Decisions In Medical Malpractice, Criminal, and Civil Rights Suit Against Police Officers - U.S. First Circuit
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Decisions In Medical Malpractice, Criminal, and Civil Rights Suit Against Police Officers

In Grossmith v. Noonan, No. 09-1900, the First Circuit faced a challenge to the district court's judgment in favor of the defendants in plaintiff's civil rights suit against two police officers arising out of his arrest for shooting his neighbor's dog.  In affirming the judgment, the court held that the district court did not abuse its discretion in finding that both parties had made the dog's appearance relevant to the case and admitting the photograph as the photograph of the dog, properly authenticated, was useful to the jury in evaluating the credibility of defendant's testimony and that of others.  Furthermore, the court concluded that the district court did not abuse its discretion in admitting testimony about the dog's characteristic behavior and its physical appearance for the same reasons.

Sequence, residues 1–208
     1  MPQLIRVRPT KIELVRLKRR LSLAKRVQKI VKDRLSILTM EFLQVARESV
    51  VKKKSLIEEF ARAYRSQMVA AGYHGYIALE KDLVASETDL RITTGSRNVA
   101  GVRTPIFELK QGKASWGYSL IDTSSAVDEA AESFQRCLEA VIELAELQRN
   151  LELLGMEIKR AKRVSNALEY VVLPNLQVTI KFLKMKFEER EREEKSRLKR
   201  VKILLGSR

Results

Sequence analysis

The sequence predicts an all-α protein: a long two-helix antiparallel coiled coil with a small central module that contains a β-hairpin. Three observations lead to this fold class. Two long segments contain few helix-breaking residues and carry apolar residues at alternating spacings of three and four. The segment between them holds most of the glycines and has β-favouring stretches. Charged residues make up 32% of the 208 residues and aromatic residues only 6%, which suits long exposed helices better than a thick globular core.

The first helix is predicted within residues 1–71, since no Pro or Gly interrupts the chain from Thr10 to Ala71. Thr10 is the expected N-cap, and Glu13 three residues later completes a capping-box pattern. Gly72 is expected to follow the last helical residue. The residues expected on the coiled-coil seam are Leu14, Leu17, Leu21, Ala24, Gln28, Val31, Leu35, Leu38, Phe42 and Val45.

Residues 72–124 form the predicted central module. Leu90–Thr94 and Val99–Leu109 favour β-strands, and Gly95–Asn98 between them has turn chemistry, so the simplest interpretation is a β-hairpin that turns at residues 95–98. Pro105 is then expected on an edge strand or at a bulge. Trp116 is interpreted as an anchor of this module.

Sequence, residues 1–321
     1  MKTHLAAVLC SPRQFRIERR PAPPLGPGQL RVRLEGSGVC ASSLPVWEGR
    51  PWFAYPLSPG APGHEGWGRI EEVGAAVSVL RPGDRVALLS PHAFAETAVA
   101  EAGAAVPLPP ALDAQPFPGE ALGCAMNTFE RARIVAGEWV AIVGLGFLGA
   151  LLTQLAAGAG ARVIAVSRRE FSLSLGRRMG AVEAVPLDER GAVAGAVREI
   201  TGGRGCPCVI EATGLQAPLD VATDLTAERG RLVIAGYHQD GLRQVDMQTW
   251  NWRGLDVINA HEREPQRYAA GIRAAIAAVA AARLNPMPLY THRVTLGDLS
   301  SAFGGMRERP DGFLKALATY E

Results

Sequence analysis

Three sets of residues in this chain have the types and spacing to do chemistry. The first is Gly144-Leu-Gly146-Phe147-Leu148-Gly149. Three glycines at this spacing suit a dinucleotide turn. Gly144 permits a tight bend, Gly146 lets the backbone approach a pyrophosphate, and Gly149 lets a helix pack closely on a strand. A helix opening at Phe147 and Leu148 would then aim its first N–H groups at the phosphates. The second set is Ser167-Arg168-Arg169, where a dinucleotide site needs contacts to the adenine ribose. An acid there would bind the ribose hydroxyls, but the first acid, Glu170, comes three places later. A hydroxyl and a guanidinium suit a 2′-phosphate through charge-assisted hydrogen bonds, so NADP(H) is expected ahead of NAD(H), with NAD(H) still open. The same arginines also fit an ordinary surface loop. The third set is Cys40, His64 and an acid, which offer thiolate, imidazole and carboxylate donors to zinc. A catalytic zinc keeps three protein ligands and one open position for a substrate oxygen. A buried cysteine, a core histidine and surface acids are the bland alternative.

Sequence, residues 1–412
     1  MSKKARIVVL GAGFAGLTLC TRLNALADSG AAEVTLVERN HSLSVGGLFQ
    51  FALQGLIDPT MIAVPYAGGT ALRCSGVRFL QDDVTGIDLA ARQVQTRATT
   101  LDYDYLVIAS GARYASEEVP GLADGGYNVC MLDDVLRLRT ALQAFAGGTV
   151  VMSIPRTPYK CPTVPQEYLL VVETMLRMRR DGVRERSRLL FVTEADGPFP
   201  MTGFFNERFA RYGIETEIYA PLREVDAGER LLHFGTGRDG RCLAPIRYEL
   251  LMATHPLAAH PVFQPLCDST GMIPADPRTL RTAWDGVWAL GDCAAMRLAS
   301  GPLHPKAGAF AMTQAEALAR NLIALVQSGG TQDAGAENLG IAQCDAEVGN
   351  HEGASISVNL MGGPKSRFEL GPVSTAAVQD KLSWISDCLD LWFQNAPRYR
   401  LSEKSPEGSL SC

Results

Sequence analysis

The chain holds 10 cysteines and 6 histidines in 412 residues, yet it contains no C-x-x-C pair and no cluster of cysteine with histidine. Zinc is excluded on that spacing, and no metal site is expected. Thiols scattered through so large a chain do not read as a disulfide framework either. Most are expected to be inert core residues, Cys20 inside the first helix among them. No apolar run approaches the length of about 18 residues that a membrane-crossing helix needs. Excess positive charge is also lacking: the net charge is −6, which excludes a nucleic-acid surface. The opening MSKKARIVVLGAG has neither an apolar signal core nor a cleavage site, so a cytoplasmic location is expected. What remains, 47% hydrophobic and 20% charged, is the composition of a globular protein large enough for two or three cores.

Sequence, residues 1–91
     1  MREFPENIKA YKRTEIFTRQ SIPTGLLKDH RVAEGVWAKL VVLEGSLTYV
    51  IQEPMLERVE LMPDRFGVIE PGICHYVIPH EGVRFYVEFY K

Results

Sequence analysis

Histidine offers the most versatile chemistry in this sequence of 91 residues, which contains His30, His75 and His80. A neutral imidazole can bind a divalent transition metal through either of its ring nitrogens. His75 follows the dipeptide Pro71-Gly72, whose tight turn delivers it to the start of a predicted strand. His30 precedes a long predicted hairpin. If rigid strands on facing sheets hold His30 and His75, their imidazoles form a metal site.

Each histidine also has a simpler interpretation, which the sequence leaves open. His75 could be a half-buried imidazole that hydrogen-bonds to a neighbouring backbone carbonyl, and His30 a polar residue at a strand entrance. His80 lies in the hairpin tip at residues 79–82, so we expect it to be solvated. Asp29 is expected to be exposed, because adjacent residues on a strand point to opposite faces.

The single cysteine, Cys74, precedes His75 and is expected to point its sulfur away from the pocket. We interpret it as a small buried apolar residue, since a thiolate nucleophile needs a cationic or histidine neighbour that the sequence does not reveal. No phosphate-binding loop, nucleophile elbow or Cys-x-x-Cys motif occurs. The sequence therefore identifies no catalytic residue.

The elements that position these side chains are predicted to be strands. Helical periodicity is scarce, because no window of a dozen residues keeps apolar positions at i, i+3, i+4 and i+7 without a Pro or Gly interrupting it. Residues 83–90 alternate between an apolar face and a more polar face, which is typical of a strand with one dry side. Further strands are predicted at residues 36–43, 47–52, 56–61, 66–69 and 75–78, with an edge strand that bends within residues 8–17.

US v. Franquiz-Ortiz, No. 09-1815, concerned a challenge to the district court's imposition of a statutory maximum permissible sentence upon revocation of defendant's supervised release for his drug conviction.  In vacating the revocation sentence, the court held that the record provides an insufficient basis for review of the procedural and substantive reasonableness of the sentence.   

US v. Rivera-Martinez, No. 09-1766, concerned a district court's denial of defendant's motion for a sentence reduction of his 240 month sentence for drug related conviction.  In affirming the denial, the court held that, in the absence of explicit countervailing language in the plea agreement, 18 U.S.C. section 3582(c)(2) does not apply and, as such, the defendant, who was sentenced pursuant to a binding C-type plea agreement for conspiring to distribute crack cocaine is not eligible for sentence reduction.   

Anaya-Burgos v. Lasalvia-Prisco, No. 09-1079, concerned a plaintiff's suit against an oncologist and others, claiming that the death of his wife was the result of defendants' negligent acts and omissions that induced her to purchase their "cancer vaccine" treatment rather than conventional cancer treatments.  In vacating the district court's grant of defendants' motion for judgment as a matter of law, the court held that the plaintiff put forth sufficient evidence including expert testimony, from which a reasonable jury could have concluded - and did conclude - that defendants' breach of the standard of care towards the wife caused her untimely death by inducing her to choose their treatment with promises that it would cure her.   

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